What happens if you sit in front of a TV-PC for more than 6 hours?
A medical examination on young males, shows that those who sit in front of a TV or PC for more than 6 hours over the weekend have lower bone density than their peers. The skeleton will be at its strongest during the teen years, yet when a low bone density is already apparent, it can have unfortunate consequences later in life.
Previous research analyzed the bone density of 359 boys and 388 girls aged 16 to 18 years and asked them to answer carefully designed questionnaires about their TV and PC usage. The results show that young people spend a lot of time watching TV in their spare time. On an average weekday girls would spend 3.2 hours watching TV or using a PC whereas boys would spend 3.8 hours. On the other hand, at the weekends the figure for girls rises to approximately 4.0 hours and boys 5.1 hours. It was identified that the more time young people spend in front of a screen, the lower the bone density is in comparison to those who spend less than two hours per day doing so at the weekend. Additional research has suggested that bone density in young males becomes noticeably worse when sitting more than six hours per day. Supportive findings identified that that this negative correlation persists on average two years later. International health regulations from Australia and the United States documents that more than 2 hours per day can cause adverse health effects, but especially in terms of obesity. A large majority who participated in the survey stated they exceeded this screen time and are therefore at risk.
Furthermore, another interesting point is that the female skeletal system does not react in a similar manner according to Winther et al, further stating that females who experience a prolonged period of time in front of a TV or computer screen have a completely contradictive outcome resulting in higher bone density. The results are surprising; however, many factors must be considered. Perhaps the questionnaire did not efficiently capture the female participants screen habits, or that there are biological explanations for this gender difference.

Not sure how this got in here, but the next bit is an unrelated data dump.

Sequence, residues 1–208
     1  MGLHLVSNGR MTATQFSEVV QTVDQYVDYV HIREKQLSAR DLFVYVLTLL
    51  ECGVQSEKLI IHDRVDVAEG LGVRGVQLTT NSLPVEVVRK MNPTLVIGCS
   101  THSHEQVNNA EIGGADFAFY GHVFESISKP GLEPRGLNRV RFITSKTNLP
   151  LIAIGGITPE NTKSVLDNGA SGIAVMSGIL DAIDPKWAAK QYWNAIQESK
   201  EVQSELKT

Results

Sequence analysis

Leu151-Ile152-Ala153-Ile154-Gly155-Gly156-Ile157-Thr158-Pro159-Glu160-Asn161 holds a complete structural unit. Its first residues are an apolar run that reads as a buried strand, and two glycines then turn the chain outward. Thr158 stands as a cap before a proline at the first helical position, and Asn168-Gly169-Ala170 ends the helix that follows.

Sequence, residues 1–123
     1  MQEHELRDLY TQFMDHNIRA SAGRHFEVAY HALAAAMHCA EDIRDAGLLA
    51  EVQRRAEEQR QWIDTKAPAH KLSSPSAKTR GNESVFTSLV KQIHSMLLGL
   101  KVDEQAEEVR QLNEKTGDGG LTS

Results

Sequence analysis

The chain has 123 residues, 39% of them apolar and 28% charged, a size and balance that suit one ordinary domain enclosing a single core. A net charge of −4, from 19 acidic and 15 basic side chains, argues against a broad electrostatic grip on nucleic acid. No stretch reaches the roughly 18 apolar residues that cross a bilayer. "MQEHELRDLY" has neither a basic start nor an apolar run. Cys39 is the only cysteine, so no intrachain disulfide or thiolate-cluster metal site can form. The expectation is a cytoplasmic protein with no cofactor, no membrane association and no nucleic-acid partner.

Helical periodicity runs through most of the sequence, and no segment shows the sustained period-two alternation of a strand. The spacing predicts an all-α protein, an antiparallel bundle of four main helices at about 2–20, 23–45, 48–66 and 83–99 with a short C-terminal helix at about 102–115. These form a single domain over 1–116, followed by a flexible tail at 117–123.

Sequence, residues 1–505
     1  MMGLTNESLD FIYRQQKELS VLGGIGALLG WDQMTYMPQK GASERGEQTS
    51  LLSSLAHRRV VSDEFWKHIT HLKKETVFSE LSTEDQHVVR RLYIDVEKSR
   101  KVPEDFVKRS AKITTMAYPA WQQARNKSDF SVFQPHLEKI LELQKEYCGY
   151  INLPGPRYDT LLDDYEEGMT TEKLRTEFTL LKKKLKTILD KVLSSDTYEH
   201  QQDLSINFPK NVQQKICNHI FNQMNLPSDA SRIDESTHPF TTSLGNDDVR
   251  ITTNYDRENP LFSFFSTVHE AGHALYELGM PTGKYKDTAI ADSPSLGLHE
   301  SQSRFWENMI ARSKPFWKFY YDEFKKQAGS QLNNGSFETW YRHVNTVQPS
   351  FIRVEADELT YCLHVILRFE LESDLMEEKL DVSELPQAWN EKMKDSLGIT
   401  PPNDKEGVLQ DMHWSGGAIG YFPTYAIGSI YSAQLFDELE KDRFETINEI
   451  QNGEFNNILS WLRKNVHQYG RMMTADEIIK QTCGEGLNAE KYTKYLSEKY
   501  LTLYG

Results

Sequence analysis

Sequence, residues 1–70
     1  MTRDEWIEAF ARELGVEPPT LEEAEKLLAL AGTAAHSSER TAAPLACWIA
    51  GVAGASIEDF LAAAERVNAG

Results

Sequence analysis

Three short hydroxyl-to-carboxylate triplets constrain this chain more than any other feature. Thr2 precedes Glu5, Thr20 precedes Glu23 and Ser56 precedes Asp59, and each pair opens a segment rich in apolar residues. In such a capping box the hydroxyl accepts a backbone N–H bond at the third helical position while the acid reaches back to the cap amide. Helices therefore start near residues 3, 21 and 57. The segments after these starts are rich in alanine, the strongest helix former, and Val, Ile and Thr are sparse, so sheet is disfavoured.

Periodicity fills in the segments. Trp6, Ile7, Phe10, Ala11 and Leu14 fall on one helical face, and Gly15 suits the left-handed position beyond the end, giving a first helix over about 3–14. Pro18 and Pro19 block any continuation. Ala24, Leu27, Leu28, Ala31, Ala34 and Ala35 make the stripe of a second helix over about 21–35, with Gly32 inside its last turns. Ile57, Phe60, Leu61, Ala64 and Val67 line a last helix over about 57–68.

Level of activity: enough or not?
Today it is easy to believe that young people who use a lot of data, have a low level of activity, but it is not necessarily so. Nearly half of all the young people surveyed, reported that they participate in heavy activity, sports, training or competition on a weekly basis. Among those who report more than four hours’ screen time per day, 20% female and 26% male, also reported a high level of activity, that is to say that they spend more than four hours per week to exercise or participate in sports or competitions. The importance of young people participating in activity cannot be stressed enough. This is supported by Morseth et al (2011) who documented that those who are active in their younger years result in a stronger skeletal system in adulthood. It was then further stated that if people over 20 years of age, exercising at least 4 hours a week, resulted in a higher bone density and fewer fractures later in life. Through this study information was collected from 7522 people. All of which have been followed for several years, and thus identifying those who are active, who have a high bone density and who is affected by bone fractures. Those who trained regularly had fewer breaks in bones that are prone to excessive weight loads such as the hip, ankle, femur and pelvis.
More active, Less risk. An active lifestyle will lead to greater bone density.
Winther A, Ahmed LA, Furberg AS, Grimnes G, Jorde R, Nilsen OA, Dennison E, Emaus N. Leisure time computer use and adolescent bone health--findings from the Tromsø Study, Fit Futures: a cross-sectional study. BMJ Open. 2015 Apr 22;5(6):e006665. doi: 10.1136/bmjopen-2014-006665.